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How to Create a Child Page in WordPress

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Do you want to create a child page in WordPress?

WordPress pages can be standalone or hierarchical, which means the page has its own sub-pages known as child pages. For instance, you may want to create a Case Studies parent page and then create child pages for each of your separate case studies.

In this article, we will show how to organize your pages by creating a child page in WordPress.

How to create a child page in WordPress

What is a Child Page in WordPress?

WordPress comes with two default post types called posts and pages.

Posts are blog content, and are shown in reverse chronological order so the people who visit your WordPress blog will see the newest posts first.

Posts are normally organized with categories and tags, which is a great way to help visitors find related content.

Pages are one-off or standalone content that is not part of a blog. For example, many websites have an About Us and a Contact Us page. These pages can be hierarchical, which means you can organize them with parent and child pages.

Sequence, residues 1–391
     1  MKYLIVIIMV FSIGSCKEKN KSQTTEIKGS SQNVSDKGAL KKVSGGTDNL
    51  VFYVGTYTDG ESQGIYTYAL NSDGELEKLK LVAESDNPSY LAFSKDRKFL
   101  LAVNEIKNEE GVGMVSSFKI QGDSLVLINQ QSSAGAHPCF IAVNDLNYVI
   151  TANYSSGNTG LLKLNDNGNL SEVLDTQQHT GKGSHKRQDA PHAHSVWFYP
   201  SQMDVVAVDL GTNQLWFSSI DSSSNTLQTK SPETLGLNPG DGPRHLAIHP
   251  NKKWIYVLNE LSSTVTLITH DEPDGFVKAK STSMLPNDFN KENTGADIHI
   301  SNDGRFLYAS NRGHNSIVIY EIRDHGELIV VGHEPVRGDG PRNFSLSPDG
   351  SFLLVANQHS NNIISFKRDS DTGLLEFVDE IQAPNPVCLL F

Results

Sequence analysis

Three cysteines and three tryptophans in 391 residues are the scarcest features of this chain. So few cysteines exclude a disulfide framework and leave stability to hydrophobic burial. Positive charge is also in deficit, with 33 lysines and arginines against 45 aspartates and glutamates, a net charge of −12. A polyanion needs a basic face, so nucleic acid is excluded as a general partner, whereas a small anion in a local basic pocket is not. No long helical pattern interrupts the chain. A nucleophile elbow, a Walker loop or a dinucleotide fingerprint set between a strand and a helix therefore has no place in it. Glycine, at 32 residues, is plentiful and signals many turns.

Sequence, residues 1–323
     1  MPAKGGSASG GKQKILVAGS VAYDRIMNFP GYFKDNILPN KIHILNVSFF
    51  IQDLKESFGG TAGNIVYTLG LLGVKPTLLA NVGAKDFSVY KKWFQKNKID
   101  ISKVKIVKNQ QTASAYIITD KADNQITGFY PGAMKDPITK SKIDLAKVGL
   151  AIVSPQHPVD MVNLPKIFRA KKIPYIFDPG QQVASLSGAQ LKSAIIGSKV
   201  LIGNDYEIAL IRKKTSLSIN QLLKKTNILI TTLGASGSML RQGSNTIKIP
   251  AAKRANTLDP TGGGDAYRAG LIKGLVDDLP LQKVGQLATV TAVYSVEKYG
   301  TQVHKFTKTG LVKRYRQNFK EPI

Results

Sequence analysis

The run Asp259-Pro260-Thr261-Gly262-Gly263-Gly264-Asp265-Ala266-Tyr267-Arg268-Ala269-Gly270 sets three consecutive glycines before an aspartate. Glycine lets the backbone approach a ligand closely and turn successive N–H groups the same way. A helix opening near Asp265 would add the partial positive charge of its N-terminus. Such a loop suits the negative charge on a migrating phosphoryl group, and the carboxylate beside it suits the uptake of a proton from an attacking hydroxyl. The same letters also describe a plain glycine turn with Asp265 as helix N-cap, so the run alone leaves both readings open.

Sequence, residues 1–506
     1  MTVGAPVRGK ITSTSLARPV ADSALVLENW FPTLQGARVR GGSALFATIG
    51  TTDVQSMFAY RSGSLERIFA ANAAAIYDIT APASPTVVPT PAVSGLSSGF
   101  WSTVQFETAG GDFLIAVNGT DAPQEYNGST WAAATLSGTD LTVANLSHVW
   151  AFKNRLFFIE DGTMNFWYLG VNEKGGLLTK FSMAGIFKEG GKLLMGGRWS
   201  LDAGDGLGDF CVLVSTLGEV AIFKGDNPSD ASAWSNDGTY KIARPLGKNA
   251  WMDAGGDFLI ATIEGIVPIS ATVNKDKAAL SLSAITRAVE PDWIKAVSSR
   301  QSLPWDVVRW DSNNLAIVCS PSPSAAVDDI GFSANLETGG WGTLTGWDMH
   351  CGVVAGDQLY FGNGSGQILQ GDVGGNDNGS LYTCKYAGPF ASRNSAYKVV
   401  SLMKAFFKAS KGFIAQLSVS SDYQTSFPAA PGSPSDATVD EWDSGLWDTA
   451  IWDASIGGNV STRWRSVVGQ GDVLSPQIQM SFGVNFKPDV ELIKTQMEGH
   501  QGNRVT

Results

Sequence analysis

Typically, business websites use pages to build a website without necessarily creating a blog. Businesses who want to add a blog to their content marketing strategy can still do so by simply creating a separate blog page, but this isn’t mandatory.

If you have too many pages, then it becomes difficult to organize them. This is where child pages come in.

You can create a parent page and then add child pages to better organize your navigation menus and your website as a whole. For example, the MonsterInsights website has a ‘Features’ parent page with a separate child page for each feature. This makes it easier for customers to find the feature they want to read about.

The MonsterInsights website

Many online stores also use child and parent pages to help visitors explore their eCommerce site and find products to buy.

Any child page can also have its own child pages. In this way, you can build relationships between your pages and create a logical structure that’s easier for visitors to navigate.

When pages are organized into parent and child categories, they also tend to be easier to manage in the WordPress admin area. This is particularly true as your WordPress website continues to grow.

That being said, let’s take a look at how to easily create a child page in WordPress.